By Rekha Basu
Originally published in The Des Moines Register on February 6, 2015
The Alcoholics Anonymous schedule of meetings in Des Moines lists a diverse roster of gatherings for a Saturday. There’s Big Book Babes, Women of Resilience and GLBT & Friends, Grupo Un Dia A La Vez and Miracle on 63rd Street. There are groups specifically for men, for people trying to get sober and for people trying to stay that way.
But conspicuously absent from the Saturday meeting list posted by the AA central office in Des Moines is a group called The Broad Highway. That’s for alcoholics who want to find sobriety without necessarily having religion be part of it. The AA organization won’t list its meetings.
No board member responded to my request for an interview. But a man answering the phone at the Des Moines central office (In accordance with AA policy, he asked that his name not be used) said it’s the position of the general service organization not to list meetings as AA meetings if they don’t take things directly out of the Big Book.
The Big Book, published in 1939, was written by Alcoholics Anonymous founders Bill Wilson and Dr. Bob Smith. It sets out the 12-step self-help principle of AA, and contains references to “God as we understood Him.” It urges members to turn themselves over to a higher power to “restore us to sanity;” to admit one’s wrongs to God and another human being and to ask God to “remove our shortcomings.” It calls for prayer and meditation “to improve our conscious contact with God, “as we understand Him.”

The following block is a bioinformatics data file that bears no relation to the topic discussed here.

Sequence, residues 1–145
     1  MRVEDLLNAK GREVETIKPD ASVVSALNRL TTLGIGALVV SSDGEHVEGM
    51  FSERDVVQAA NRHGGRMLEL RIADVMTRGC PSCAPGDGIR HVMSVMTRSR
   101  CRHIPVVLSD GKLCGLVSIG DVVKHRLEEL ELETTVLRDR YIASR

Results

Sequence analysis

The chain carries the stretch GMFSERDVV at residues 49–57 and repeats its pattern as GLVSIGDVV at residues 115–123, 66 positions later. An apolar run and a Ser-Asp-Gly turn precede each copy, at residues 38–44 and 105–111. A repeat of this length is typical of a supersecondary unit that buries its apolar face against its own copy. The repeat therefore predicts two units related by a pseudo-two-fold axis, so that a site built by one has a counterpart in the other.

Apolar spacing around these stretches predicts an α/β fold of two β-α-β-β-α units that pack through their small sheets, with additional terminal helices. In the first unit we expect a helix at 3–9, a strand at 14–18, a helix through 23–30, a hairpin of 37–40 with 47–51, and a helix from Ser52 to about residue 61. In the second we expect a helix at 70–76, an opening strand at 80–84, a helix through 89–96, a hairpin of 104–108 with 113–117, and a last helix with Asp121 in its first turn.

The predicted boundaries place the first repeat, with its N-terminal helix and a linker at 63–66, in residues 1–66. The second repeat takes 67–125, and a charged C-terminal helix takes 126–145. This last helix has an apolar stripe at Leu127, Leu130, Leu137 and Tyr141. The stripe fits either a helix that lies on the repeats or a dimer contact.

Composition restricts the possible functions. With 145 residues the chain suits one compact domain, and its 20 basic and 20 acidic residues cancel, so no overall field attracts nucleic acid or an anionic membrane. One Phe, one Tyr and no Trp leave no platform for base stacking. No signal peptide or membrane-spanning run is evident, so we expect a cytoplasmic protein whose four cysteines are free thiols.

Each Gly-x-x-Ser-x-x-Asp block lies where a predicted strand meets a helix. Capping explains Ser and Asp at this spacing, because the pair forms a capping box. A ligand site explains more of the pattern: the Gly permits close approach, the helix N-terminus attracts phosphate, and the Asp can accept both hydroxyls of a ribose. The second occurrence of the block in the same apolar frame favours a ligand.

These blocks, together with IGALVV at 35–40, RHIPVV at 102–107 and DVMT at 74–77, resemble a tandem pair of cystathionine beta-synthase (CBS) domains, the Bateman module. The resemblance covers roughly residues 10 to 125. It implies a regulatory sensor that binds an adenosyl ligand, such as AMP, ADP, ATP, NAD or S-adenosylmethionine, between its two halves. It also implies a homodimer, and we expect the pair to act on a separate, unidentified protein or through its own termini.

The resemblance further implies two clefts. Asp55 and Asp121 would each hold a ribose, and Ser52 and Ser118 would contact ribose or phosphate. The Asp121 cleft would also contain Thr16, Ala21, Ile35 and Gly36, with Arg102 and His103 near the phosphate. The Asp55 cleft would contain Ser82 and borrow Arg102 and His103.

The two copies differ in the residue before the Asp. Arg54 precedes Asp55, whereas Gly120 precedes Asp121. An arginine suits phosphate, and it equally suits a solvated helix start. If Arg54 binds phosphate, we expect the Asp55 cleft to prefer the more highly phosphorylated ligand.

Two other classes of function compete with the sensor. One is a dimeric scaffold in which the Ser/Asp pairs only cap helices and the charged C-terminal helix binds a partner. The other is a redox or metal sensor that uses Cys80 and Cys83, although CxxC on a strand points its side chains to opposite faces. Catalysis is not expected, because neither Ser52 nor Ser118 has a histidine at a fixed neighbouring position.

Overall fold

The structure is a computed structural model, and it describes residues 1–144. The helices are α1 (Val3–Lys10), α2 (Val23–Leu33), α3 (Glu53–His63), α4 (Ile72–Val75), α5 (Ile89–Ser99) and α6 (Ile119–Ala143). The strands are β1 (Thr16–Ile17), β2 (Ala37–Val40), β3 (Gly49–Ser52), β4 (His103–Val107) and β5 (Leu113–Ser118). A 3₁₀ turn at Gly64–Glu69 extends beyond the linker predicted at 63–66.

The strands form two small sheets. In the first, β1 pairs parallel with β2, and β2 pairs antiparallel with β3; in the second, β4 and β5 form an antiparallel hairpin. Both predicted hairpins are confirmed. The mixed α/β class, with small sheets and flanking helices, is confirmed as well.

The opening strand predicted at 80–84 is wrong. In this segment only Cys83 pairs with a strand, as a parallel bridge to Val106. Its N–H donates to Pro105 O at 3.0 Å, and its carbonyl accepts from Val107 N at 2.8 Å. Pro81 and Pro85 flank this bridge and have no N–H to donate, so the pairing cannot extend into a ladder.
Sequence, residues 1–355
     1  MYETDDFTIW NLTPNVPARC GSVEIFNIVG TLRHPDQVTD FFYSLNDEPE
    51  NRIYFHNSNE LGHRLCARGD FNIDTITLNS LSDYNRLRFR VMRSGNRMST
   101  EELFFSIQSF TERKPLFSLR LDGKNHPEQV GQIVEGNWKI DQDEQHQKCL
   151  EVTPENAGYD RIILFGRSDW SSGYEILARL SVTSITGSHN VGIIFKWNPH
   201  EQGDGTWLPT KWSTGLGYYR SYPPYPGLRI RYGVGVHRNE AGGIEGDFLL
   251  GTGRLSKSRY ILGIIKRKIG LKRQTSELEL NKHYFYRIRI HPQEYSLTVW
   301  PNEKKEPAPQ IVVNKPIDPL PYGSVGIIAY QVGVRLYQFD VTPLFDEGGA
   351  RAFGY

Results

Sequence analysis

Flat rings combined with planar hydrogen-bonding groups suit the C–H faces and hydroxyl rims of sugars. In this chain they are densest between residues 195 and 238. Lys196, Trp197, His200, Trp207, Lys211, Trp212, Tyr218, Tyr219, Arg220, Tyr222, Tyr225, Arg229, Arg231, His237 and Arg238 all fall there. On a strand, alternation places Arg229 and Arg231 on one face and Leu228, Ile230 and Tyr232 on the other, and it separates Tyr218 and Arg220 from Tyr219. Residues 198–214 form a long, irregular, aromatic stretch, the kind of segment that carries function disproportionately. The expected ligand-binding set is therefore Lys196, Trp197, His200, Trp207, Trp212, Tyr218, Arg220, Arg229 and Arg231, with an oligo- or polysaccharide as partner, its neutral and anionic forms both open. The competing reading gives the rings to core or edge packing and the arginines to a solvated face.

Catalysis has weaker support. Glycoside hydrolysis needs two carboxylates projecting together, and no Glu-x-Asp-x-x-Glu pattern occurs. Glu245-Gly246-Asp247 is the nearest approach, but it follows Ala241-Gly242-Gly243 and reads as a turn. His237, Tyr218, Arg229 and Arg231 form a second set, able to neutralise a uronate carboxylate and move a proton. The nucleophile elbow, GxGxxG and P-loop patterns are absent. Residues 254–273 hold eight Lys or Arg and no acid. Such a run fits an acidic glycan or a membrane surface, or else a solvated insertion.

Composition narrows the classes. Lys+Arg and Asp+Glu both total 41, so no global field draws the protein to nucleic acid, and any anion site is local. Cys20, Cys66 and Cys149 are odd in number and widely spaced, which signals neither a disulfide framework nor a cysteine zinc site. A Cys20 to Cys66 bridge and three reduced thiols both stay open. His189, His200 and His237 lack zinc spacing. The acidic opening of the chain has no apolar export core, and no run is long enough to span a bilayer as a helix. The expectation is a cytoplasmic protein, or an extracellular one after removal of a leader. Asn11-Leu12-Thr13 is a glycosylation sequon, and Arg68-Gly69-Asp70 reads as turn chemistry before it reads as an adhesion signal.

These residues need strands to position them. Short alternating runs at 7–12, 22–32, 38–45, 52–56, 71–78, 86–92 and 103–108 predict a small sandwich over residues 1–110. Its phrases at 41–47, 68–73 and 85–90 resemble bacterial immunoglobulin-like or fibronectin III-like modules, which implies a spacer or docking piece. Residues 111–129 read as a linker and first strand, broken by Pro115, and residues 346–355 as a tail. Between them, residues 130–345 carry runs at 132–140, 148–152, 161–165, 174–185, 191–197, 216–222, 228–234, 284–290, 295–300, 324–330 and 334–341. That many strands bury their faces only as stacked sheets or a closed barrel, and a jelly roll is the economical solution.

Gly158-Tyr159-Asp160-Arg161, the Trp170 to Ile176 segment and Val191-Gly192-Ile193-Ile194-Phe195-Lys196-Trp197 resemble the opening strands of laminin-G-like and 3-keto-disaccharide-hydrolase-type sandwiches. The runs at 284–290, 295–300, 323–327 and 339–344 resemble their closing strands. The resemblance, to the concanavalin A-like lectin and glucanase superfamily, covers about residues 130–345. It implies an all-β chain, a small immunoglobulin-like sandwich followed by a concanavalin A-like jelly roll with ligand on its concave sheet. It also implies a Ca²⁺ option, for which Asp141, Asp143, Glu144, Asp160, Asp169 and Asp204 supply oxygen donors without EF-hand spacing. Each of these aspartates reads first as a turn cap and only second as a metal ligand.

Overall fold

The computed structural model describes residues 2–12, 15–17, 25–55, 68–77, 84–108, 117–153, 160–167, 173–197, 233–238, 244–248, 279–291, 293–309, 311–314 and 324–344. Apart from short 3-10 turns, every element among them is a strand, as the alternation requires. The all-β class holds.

But as members of The Broad Highway point out, other passages from founder Wilson say any two people can make up an AA group, with no requirement to embrace religion. The book’s preamble says the only requirement is a desire to stop drinking. And a passage from Wilson published in a 1946 issue of the AA’s Grapevine says, “So long as there is the slightest interest in sobriety, the most unmoral, the most anti-social, the most critical alcoholic may gather about him a few kindred spirits and announce to us that a new Alcoholics Anonymous Group has been formed. Anti-God, anti-medicine, anti-our Recovery Program, even anti-each other — these rampant individuals are still an A.A. Group if they think so!”
Despite the obvious intent to be inclusive, Dave Witke of Des Moines, a 28-year AA member, says most AA meetings emphasize not just dependence on a personal God but “a heavy emphasis on Christianity.” Many meetings open and close with the Lord’s Prayer and include Christian readings, he said. Witke and several other members of the chapter considers it a form of religious discrimination that drives away prospective members.
A man who was instrumental in forming The Broad Highway chapter more than four years ago believes AA should “secularize” itself altogether, but says atheists’ general invisibility makes that unlikely to happen. But other members would be happy just to have a recognized chapter free of required religion. One woman in her 60s began with AA 20 years ago, and credits the first meeting with saving her life. She tried various different meetings before finding this one, often feeling alienated as an agnostic who kept being told to pray and that she would find her higher power. “I basically just shut up and didn’t say anything,” she said. But privately, other members shared her uncertainty.
Now, she says, “It’s liberating to be able to say, ‘I don’t believe in God.” She values the fellowship with people who understand her issues from a non-religious standpoint. But it’s hard to get the word out about meetings since AA won’t list them. So only about eight people attend The Broad Highway. The size and universal availability of AA meetings day or night make AA both universally recognized and accessible. There are more than 1.3 million AA groups nationwide. It would be hard to build a new organization and get that kind of visibility.